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Indian Economy

Food safety and consumer empowerment are areas in need of constant attention in India, where enforcement is often lax. But in this, Tamil Nadu deserves credit for finishing at the top among 17 large States for food safety; it was ranked third in the previous edition of the State Food Safety Index. That Tamil Nadu, with 82 marks, is ahead of Gujarat by 4.5 marks and Maharashtra by 12 marks, highlights its creditable showing. Developed by the Food Safety and Standards Authority of India (FSSAI), the Food Safety Index evaluates States and Union Territories on these parameters, apart from their size: human resources and institutional data; compliance; food testing – infrastructure and surveillance; training and capacity building, and consumer empowerment. Tamil Nadu has improved its standing in ‘human resources and institutional data’, and ‘training and capacity building’. There has been incremental progress in ‘compliance’ (which measures overall coverage of food businesses in licensing and registration), and ‘food testing’ (which scrutinises availability of adequate testing infrastructure with trained manpower in the States/Union Territories for testing food samples). The State has performed marginally lower than what it did last year in ‘consumer empowerment’. But barring Tamil Nadu, there is nothing for the other southern States to cheer about despite the region being more advanced than the rest of India in many socio-economic indicators. Kerala, which came second last time, is now at sixth spot; Karnataka has retained its ninth position; Telangana slipped from 10 to 15 and Andhra Pradesh dropped to the last slot from the penultimate slot in the previous edition when 20 States were covered, unlike the 17 now. Among Union Territories, Puducherry rose from seventh to sixth spot.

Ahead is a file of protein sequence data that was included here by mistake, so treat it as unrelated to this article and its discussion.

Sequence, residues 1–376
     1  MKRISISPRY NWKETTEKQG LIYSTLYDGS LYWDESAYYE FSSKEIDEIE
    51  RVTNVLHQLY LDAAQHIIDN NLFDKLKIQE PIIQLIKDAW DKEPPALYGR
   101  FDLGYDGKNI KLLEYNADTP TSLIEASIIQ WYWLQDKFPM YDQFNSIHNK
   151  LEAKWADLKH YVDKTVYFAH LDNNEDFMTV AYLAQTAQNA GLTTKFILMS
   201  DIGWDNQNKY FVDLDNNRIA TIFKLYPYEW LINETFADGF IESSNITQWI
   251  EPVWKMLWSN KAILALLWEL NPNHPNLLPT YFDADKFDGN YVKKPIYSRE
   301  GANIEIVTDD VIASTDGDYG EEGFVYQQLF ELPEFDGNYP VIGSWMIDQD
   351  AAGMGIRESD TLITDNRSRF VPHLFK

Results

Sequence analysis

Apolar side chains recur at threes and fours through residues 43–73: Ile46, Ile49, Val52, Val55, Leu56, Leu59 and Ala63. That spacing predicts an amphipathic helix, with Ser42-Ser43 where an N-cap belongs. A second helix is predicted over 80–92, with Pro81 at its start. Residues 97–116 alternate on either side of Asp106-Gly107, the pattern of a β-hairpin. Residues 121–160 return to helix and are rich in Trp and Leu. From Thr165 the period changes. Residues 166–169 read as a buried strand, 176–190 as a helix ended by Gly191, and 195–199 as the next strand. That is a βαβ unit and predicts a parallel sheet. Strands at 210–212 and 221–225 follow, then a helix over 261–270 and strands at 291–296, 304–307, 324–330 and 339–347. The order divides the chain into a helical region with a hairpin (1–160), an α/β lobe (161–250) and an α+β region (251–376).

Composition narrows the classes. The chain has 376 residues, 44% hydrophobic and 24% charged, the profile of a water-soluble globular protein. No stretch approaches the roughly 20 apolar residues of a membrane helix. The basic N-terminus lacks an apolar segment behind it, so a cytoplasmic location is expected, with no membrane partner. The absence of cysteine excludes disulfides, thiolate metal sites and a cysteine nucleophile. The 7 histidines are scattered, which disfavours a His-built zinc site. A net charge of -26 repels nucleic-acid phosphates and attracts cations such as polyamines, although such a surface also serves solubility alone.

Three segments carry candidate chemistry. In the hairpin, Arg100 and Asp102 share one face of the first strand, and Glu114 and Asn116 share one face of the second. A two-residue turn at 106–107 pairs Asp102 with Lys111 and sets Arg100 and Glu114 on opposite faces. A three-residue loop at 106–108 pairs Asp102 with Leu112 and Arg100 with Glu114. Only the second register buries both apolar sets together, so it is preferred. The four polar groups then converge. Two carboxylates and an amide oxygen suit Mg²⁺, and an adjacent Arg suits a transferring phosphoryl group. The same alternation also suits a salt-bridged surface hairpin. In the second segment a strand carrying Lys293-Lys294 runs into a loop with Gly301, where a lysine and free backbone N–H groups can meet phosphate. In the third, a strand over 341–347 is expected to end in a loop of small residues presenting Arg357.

But in an area such as food safety, States alone cannot make a big difference without the support of the Central government. Liberal assistance should be provided to the States and Union Territories as far as laboratory infrastructure and improvement of manpower, both technical and non-technical, are concerned. The private sector should come forward in a big way to have staff trained at their cost and where such persons are used productively for the purpose. There are inspiring accounts of the participation of some information technology majors in getting surplus food distributed to the needy, of course with the help of non-governmental organisations, and this should serve as a lesson to those who are still hesitant to make their contribution. What every player in the field of food safety should realise is that each one has a critical role to play, and there has to be collective and well-coordinated action.

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